I'm building a Qt application using QML technologie. QML use OpenGL.

The computer running the build is a CentOS 6.7, with intel GPU. I'm using it only on SSH, and I use XMing (or VcxSrv sometimes) to open graphical applications.

I had multiple trouble to make it works but by googling my problems and playing with xauth I can now remotly open my QML application.


When running my application with a normal user I get :

KiTTY X11 proxy: Unsupported authorisation protocol QXcbConnection: Could not connect to display localhost:10.0

I noticed that the error message say Unsupported (a lot of SO question are about Wrong protocol)


I can only open it in root (sudo does't work here, I need to su), and I got multiple errors :

failed to get the current screen resources WARNING: Application /home/user/QMLapp/app calling GLX 1.3 function "glXCreatePbuffer" when GLX 1.3 is not supported! This is an application bug! QXcbConnection: XCB error: 170 (Unknown), sequence: 163, resource id: 90, major code: 146 (Unknown), minor code: 20

Note : glxinfo seems fine and direct rendering is activated. glxgeers works fine too and don't need to be root to work

First question : Can I easily upgrade my GLX ? Second question : Why it only works in root ?


QXcbConnection: Could not connect to display localhost:10.0

The error above may contain some clues. It means that, for this user, the variable $DISPLAY is set to localhost:10.0

After you su to root, you can check the variable again with echo $DISPLAY. then change the value of the variable for the normal user accordingly.

Correct value is probably localhost:0.0

|improve this answer|||||
  • Nop, the DISPLAY var is 10.0 on root too. # echo $DISPLAY localhost:10.0. I've tried to change it, it's no longer working on root with 0.0 – MokaT Oct 1 '15 at 9:37

The DISPLAY value of localhost:10.0 indicates you're on a SSH-forwarded X11 connection, as you stated in the question. If you change the DISPLAY to :0.0, then you're saying you want the program to present its windows on the screen that is directly attached to the remote computer... and if you're not physically near it, that isn't going to be very useful.

Direct rendering would require that the GUI application have direct access to the actual GPU that draws to your screen... which is of course impossible when the screen and the application are not in the same host.

It looks like this application might be designed to be used only locally. If it cannot gracefully fall back to indirect rendering, it cannot be used over a remote X11 connection: direct rendering requires that the GPU that will actually do the drawing should be in the same computer as the application, and not separated from it by a network connection.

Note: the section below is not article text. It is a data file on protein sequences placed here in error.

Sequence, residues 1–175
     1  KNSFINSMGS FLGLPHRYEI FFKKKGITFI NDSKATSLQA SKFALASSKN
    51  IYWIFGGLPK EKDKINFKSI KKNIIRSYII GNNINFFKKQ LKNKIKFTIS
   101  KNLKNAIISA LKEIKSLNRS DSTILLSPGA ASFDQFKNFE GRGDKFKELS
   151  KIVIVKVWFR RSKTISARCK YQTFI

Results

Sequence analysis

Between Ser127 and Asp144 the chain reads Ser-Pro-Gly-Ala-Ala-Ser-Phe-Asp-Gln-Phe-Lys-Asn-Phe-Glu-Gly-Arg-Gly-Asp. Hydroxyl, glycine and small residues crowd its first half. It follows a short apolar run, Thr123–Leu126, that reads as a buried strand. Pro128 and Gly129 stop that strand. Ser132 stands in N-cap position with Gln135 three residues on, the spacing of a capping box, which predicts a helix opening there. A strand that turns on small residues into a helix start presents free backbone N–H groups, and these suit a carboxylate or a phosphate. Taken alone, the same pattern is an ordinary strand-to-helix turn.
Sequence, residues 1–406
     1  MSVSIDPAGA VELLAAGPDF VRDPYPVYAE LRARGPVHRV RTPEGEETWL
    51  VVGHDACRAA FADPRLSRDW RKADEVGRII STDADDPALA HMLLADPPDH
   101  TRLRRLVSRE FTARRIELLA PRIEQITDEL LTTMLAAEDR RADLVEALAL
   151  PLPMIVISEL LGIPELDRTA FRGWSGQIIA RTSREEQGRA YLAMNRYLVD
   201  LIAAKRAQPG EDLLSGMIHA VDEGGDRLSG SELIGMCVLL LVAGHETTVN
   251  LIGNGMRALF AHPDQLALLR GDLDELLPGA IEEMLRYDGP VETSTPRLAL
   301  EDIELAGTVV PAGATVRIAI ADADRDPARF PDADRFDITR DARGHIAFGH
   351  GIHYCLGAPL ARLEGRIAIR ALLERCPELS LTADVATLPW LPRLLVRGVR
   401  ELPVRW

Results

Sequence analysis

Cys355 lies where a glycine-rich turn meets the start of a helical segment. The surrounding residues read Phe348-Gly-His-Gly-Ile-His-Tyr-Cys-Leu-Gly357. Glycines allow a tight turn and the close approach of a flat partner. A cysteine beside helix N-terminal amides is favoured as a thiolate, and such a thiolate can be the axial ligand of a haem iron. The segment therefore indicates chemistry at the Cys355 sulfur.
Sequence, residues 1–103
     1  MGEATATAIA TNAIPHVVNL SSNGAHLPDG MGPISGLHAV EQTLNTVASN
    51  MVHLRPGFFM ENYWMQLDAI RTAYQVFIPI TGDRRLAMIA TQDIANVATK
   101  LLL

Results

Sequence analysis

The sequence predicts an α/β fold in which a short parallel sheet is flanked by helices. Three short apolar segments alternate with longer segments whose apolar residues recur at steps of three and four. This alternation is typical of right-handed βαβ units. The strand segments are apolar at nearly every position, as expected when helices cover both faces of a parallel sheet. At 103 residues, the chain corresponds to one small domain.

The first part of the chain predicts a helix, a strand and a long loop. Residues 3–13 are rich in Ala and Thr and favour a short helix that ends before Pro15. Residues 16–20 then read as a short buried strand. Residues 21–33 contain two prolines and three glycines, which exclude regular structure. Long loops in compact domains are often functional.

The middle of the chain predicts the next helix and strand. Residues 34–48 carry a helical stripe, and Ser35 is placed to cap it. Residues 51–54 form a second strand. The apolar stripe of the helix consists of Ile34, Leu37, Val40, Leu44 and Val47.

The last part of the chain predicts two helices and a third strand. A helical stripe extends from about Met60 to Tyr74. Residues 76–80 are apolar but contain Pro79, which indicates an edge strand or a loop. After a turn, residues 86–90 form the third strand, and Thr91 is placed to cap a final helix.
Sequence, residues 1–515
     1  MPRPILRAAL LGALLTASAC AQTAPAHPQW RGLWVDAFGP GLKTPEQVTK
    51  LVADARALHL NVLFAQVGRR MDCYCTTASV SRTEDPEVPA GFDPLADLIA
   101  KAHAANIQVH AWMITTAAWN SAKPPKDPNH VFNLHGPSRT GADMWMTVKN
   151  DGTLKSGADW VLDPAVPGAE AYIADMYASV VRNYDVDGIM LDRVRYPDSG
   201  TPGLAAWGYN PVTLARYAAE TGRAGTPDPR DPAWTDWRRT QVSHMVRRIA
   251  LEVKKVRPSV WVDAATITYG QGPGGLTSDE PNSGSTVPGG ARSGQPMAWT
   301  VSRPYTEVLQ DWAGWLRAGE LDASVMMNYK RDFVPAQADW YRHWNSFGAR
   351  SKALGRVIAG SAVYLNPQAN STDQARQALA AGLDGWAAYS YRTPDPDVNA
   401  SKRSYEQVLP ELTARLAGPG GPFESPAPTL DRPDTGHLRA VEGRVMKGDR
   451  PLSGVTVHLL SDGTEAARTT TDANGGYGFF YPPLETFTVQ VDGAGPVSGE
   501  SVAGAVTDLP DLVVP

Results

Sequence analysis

If you're using a remote X11 connection with Xming or VcXsrv, then your OpenGL support levels depends primarily on what OpenGL levels your Xming or VcXsrv will support. Of course the remote computer also needs the appropriate OpenGL libraries present, but usually the package manager or the application installer takes care of that.

When you're running it as a regular user, are you running as the user you logged in your X11-forwarding SSH connection, or have you switched to another user account on the remote host after logging in?

Switching user accounts while preserving X11 forwarding requires a bit of extra effort: not only must you ensure that the value of the DISPLAY variable is preserved, you must also make sure the target user has access to the contents of the ~/.Xauthority file of the source user. You can copy the ~/.Xauthority file to some other location (e.g. into /tmp) and then use the XAUTHORITY environment variable to point to it.

For example:

<logged in to remote host as user1, with X11 forwarding>
user1$ echo $DISPLAY
user1$ cp ~/.Xauthority /tmp/user1.Xauthority
user1$ chgrp user2 /tmp/user1.Xauthority
user1$ chmod 640 /tmp/user1.Xauthority
user1$ sudo -u user2 -i
user2$ export DISPLAY=localhost:10.0
user2$ export XAUTHORITY=/tmp/user1.Xauthority
<now running a X11 GUI application should be possible>

This can be often avoided when you're switching from regular user to root, since root can read everyone's files... including the ~/.Xauthority file. So when switching from user1 to root the only things that need to be done is to maintain the DISPLAY value and point XAUTHORITY to /home/user1/.Xauthority. Some Linux distributions include scripts or PAM modules that do this for you automatically when switching from a regular user to root.

|improve this answer|||||

Your Answer

By clicking “Post Your Answer”, you agree to our terms of service, privacy policy and cookie policy

Not the answer you're looking for? Browse other questions tagged or ask your own question.